The Court in Tumey held that the Due Process Clause required disqualification "both because of [the mayor-judge's] direct pecuniary interest in the outcome, and because of his official motive to convict and to graduate the fine to help the financial needs of the village." The Court articulated the controlling principle:
Every procedure which would offer a possible temptation to the average man as a judge to forget the burden of proof required to convict the defendant, or which might lead him not to hold the balance nice, clear and true between the state and the accused, denies the latter due process of law.
The Statement and Account Clause of the US Constitution states that "a regular Statement and Account of the receipts and expenditures of all public Money shall be published from time to time." If we apply the Court's logic in Caperton and Tumey to Congress's responsibility to publish the "statement and account," several notions become obvious. First, while the Constitution is clear that Congress is responsible for publishing the "statement and account," it cannot unilaterally determine whether it is complying with the clause. This would violate the maxim cited by the Court that no person is allowed to be a judge in their own cause. James Madison in Federalist No. 10 extended this concept beyond a single judge: "With equal, nay with greater reason, a body of men are unfit to be both judges and parties at the same time." Second, it can be argued that Congress has "a direct, personal, substantial and pecuniary interest" in the determination of whether it is complying with Constitution as it is in their interest to under-report expenses in an effort to endear themselves with the electorate, protect incumbents and degrade the competitiveness of the electoral process.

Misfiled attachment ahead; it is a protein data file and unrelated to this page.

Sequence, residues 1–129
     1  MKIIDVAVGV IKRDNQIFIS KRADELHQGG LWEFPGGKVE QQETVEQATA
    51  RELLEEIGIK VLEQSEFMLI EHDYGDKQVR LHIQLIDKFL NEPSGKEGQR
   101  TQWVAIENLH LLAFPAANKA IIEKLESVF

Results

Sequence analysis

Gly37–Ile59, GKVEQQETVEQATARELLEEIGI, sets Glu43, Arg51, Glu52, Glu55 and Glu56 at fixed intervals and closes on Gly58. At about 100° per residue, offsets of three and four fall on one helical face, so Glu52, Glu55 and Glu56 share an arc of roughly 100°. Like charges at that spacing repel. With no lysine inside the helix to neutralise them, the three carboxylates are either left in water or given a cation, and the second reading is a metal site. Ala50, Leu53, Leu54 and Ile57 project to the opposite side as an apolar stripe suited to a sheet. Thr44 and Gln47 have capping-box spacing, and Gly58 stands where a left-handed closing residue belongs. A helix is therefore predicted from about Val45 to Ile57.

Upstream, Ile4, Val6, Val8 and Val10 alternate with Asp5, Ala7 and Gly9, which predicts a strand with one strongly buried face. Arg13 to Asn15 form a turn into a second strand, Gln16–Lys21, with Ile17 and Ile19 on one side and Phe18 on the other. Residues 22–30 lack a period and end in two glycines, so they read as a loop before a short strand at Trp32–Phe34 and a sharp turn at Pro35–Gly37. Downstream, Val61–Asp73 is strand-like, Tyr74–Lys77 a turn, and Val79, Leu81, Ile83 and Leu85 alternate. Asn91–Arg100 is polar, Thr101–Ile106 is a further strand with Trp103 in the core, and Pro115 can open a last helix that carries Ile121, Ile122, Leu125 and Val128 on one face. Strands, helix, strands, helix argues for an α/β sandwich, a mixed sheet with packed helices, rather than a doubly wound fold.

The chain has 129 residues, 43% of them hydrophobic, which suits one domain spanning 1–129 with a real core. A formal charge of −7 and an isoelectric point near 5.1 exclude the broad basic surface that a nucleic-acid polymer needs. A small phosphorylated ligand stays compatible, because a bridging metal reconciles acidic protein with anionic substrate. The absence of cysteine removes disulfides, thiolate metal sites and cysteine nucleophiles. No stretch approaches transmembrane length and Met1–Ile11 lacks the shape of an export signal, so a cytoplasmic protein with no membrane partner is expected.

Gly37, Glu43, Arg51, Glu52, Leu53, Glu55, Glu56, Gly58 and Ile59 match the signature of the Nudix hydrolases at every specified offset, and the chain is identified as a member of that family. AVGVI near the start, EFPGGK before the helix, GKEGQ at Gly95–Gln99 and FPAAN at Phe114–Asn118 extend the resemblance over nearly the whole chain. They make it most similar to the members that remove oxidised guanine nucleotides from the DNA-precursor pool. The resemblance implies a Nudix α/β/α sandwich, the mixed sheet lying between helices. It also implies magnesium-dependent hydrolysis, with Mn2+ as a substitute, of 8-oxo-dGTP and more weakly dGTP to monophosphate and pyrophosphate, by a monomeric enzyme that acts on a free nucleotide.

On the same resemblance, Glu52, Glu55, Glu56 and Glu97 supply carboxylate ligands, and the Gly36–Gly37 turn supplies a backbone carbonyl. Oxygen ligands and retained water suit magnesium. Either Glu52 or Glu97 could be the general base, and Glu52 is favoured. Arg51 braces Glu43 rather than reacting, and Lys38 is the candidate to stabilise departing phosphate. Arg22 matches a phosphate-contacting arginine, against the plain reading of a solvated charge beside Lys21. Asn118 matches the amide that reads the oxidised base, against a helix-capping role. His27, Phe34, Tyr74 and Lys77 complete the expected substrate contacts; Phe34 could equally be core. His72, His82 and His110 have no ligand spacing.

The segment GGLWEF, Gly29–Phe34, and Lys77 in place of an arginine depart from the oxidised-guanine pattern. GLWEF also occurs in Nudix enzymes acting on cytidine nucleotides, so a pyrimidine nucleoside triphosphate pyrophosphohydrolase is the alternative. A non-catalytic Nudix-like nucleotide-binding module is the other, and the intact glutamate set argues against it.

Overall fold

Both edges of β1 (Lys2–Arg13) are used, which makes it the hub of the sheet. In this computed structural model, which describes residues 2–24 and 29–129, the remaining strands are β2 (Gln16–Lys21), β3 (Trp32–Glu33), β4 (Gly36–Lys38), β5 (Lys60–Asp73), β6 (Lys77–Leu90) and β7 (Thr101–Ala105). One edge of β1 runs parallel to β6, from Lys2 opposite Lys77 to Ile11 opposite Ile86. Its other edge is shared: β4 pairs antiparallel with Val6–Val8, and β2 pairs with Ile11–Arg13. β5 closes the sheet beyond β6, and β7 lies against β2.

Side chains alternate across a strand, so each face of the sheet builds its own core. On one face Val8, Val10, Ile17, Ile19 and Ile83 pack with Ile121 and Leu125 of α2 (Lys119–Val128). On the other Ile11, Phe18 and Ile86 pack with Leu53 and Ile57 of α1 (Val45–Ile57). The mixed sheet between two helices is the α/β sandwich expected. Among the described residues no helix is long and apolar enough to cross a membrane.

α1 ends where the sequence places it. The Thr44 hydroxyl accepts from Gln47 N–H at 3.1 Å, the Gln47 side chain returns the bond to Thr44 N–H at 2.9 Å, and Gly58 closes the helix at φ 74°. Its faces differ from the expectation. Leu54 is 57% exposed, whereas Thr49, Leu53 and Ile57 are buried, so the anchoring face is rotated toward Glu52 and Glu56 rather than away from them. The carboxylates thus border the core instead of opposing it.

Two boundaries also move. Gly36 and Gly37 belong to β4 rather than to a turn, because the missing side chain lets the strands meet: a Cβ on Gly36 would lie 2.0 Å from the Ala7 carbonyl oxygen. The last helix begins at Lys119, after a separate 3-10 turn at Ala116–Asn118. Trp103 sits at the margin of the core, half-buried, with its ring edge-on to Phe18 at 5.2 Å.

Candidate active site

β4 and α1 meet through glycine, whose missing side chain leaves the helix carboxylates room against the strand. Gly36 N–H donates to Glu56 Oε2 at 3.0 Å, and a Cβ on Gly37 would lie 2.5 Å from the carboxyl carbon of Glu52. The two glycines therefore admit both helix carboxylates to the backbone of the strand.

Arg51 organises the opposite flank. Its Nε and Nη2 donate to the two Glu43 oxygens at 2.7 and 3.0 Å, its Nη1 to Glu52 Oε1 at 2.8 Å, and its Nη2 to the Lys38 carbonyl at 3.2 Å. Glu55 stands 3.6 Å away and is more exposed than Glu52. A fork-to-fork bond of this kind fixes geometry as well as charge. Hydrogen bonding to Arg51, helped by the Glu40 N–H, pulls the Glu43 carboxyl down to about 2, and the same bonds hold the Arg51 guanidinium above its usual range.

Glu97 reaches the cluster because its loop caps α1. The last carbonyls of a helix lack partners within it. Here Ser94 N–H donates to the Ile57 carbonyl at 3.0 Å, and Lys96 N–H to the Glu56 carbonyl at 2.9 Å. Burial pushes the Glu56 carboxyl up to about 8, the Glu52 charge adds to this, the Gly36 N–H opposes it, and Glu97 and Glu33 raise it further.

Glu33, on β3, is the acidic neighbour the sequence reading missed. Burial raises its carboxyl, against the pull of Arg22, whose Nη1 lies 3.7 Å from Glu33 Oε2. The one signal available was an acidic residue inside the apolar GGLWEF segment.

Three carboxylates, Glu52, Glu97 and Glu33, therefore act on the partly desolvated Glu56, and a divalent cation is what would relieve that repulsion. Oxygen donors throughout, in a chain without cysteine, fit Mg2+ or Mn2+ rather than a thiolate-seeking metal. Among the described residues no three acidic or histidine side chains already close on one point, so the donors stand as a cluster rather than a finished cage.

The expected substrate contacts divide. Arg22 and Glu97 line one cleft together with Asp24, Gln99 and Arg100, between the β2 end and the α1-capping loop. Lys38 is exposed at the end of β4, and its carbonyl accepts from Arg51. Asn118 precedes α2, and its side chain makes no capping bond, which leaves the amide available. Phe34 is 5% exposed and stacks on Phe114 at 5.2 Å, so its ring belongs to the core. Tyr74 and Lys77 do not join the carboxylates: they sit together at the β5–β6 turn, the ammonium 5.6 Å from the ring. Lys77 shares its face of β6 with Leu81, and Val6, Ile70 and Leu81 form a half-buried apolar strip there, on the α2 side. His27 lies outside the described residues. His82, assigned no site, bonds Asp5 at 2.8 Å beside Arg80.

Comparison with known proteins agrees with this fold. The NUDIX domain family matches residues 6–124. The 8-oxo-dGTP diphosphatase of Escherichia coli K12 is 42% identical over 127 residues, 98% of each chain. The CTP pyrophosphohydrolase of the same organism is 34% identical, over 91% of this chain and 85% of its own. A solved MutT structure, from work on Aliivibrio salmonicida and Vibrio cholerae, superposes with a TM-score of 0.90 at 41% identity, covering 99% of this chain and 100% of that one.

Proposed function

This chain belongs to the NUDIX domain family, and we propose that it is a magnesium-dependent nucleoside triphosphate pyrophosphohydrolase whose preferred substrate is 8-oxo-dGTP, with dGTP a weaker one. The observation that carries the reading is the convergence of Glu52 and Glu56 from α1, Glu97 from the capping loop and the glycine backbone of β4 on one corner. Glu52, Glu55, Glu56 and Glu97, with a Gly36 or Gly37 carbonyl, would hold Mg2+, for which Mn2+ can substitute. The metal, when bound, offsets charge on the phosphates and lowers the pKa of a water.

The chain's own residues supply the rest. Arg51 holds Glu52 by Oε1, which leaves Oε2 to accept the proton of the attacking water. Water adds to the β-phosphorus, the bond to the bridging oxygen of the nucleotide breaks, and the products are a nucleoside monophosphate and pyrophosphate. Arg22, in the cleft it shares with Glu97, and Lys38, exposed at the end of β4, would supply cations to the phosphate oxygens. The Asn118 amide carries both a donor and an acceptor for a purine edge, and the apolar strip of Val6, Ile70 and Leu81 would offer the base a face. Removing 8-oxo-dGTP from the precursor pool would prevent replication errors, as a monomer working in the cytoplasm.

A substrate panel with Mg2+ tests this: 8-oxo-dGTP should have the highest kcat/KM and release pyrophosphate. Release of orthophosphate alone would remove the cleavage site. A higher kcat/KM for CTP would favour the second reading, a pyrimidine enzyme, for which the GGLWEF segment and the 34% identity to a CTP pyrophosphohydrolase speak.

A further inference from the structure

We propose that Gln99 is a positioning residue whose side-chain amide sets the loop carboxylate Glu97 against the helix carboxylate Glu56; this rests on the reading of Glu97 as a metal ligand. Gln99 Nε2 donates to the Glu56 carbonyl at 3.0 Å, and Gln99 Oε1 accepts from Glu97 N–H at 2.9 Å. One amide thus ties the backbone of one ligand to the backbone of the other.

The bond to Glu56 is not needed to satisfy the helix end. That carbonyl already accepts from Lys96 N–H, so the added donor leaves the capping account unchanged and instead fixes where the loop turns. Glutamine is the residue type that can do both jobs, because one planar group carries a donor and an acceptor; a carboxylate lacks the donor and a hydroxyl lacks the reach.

If the Court were to determine that Congress did not have "a direct, personal, substantial and pecuniary interest," the Court would then proceed to its analysis of the more general concepts of bias. Kennedy stated that the Tumey Court was also concerned with a more general concept of interests that tempt adjudicators to disregard neutrality. As new problems have emerged that were not discussed at common law, the Court has identified additional instances which, as an objective matter, require recusal. There are circumstances "in which experience teaches that the probability of actual bias on the part of the judge or decisionmaker is too high to be constitutionally tolerable."
This concern was discussed in Ward v. Village of Monroeville, which invalidated a conviction handed down in a "mayor's court" (a court in which the mayor sits as the presiding judge) for violation of certain traffic offenses. In Ward the mayor received no money for the convictions. The fines the mayor assessed went to the town's general fund. The Court held that "[t]he fact that the mayor [in Tumey] shared directly in the fees and costs did not define the limits of the principle." The principle, instead, turned on the "possible temptation" the mayor might face; "the mayor's executive responsibilities for village finances might make him partisan to maintain a high level of contribution [to those finances] from the mayor's court." As the Court reiterated in Gibson v. Berryhill, another case that term, "the [judge's] financial stake need not be as direct or positive as it appeared to be in Tumey."